Hey, you should look up the other threads we have about horror movies. There's a couple of them:

 

http://mlpforums.com/topic/36501-best-horror-movies/

http://mlpforums.com/topic/42994-horror-movies-recently-watched/

http://mlpforums.com/topic/54305-favorite-horror-movie/

http://mlpforums.com/topic/25735-scariest-horror-movie-you-have-ever-seen/

http://mlpforums.com/topic/8912-horror-movies-better-in-america/

http://mlpforums.com/topic/51026-scariest-film-youve-ever-seen/

 

I would love to hear your opinion on some of these things!

 


 

Oh and I forgot to say, after reading this, you might say "oh well then this guy must love The Blair Witch Project". And surprisingly... No. I don't like it. I have a post about that somewhere why but I'm too lazy to look it up. It has many of the things I am looking for but to me it's just boring.

Edited by Jokuc
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@Jokuc I agree with you on every note. Well, except with Prometheus. I was expecting exactly what i got and it even surprised me. I'm a very visual person, so i could really appreciate the sets, costumes, vehicles, and art designs. that's probably the main reason why I'm not scared by all these so called horror movies.

 

I immerse myself in the way it looks, and then get disappointed when the big reveal of the villain is finally over with. Paranormal Activity was just some footprints in baby power and a chandelier moving by itself. No creativity.

 

But even when the movie has good visual design, the music can kill it. If I hear high strings or a super deep bass rumbling in the background, I know something is going to try its best to scare me. Then when it finally comes, I'm subconsciously ready for it.  The music in a movie has to lull you into a false comfort. It has to get creepy by sounding out of pitch, and off key. The music will always make or break a horror movie. 

 

I have never seen The Blair Witch Project, but because of all I've heard of it, I will most likely not be impressed. Once I have an opinion about a movie, I will keep it and try to match things to it as I watch. 

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I think the scariest type of horror movies are the horror movies where you don't see what your supposed to be up against. It makes your imagination give you the ideas of what is coming, rather then showing you. And your imagination is a far more powerful tool to install fear into you then a TV screen can.

 

This type of horror is also good in video games. 

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Video games are a different story for me. With Dead Space, I was never really scared by it, but I would say it is scary compared to other horror games. the problem is that it was too linear. I always knew where to go, and what looked different from before. Dead Space 2 improved on action and story, but fell behind in scariness.

 

Then Dead Space 3 came out and lost all the things that made it horror. The main thing that made DS 1 scary was the feeling of tight corridors and not wanting to look around the corner. In 3, you are in an open world with snow. yes, The Thing was also in that setting and was done very well. I approve of the imitation DS 3 tried, but it didn't make me feel claustrophobic anymore. 

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It's not the gore, the death scenes, or the amount of jumps you get, it's the state of mind it places you in. True, good, horror is psychological horror. Take The Shining, Psycho, Halloween78, or Jaws. It's the music, the camera angles, the lighting, and the feeling of isolation and helplessness that is the scariest part about these films. They send you back to an infantile state of fear the leaves you scared to be alone.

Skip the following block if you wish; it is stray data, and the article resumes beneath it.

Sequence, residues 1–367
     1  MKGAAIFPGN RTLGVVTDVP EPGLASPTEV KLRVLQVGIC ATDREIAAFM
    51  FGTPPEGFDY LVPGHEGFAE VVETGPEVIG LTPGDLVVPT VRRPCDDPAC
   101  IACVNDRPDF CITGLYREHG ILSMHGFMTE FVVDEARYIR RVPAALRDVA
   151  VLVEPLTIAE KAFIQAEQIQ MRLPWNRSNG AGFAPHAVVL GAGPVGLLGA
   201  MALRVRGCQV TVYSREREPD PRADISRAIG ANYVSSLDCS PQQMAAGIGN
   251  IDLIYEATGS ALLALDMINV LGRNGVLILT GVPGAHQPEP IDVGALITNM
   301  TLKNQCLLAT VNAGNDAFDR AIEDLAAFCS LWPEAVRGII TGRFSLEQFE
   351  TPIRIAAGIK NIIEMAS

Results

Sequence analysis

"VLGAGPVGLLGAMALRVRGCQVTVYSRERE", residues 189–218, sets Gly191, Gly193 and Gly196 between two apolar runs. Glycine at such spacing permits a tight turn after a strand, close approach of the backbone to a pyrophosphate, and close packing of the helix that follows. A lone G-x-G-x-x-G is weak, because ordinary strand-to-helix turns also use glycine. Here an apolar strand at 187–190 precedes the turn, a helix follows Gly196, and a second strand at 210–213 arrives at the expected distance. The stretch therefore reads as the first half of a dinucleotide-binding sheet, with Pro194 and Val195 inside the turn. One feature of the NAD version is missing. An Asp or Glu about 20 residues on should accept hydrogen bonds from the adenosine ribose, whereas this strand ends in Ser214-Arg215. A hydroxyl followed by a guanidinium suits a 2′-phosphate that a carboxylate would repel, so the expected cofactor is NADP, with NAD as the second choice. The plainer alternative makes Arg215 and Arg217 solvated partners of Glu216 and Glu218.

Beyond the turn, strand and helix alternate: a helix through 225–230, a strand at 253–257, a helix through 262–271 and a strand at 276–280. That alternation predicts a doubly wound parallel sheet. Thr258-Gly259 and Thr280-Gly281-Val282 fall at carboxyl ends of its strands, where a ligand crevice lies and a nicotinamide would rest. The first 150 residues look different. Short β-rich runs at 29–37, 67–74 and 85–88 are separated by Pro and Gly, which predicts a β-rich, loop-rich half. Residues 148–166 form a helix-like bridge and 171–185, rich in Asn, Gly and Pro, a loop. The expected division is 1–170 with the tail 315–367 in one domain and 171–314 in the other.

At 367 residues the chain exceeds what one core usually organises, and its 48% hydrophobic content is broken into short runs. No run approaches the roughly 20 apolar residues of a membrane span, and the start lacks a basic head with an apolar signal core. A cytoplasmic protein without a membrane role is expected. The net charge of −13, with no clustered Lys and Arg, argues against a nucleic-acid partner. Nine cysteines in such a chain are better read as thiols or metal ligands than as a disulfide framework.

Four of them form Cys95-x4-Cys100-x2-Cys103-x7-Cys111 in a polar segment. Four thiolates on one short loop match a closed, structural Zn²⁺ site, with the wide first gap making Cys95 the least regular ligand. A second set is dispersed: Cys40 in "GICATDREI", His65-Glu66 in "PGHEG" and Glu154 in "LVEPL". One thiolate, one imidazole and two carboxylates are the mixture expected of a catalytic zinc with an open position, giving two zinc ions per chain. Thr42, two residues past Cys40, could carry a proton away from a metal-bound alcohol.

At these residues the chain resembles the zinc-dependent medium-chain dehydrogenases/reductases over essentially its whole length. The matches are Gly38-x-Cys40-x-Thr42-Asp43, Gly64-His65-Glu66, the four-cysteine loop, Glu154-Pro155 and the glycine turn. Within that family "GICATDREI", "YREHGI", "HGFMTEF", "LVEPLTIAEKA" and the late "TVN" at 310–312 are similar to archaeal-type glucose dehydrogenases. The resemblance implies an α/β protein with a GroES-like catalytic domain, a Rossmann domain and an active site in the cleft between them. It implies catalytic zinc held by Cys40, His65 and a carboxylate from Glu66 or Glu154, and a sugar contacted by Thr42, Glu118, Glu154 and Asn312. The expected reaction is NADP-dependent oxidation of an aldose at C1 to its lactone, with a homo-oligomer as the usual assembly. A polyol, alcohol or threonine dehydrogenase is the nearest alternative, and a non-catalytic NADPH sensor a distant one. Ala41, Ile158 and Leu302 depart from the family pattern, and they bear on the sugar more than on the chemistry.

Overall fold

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I'm not an expert on any level but I will say that I agree with Jokuc on one point: A horror movie/game/anything does not need to be scary to be called horror and I hate the fact that people will say "it wasn't scary, it's all action" as if it wasn't possible for it to be actiony and horror at the same time. That urks me to no end and not only because everyone has different levels of what scares them but I feel like it limits a genre EXTREMELY to put it in such strict terms as "It has to scare me to be horror" or "it has to scare me or else it's not good horror and everyone who is scared by it are pansies" or anything along those lines.

 

To me, horror is about the setting and story more than it is how it affects the viewer.

 

A friend of mine also brought up a point about mix-matching genres: It is possible to be more than one genre at a time. Something that's super actiony and hardly scary can still fall under horror under the right setting.

 

There is, of course, a fine line between a thriller and a horror movie and I often feel like they cross over entirely too often to the point I don't feel there's much call to consider them different genres at all but rather subgenres of each other or something. (If that's even possible :lol: )

 

Ultimately what defines a horror movie or game is far too ambiguous and varied to fit it into any sort of strict statement involving only one feature of it.

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Zombies. Plain and simple.

Okay well not specifically zombies but any good horror movie I've seen always has a person/thing who was once alive, then died, then came back to life and was all supper scary and whatnot.

Coincidence? I think not.

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Personally, while I am a big fan of horror movies, they rarely scare me, so a good horror comes in 3 variants for me: funny and over the top, interesting and imaginative, and of course actually scary.

 

For funny, good Slasher films and zombie flicks are what I put there. Nightmare On Elms Street never scared me, but it's still one of my favorite movies because I find it to be absolutely hilarious in a very dark way. Dead Snow is also a really fun watch that slowly fades from horror into intentional comedy really well (though the English dub is apparently terrible from what I have heard, I have only watched it with the original Norwegian spoken language).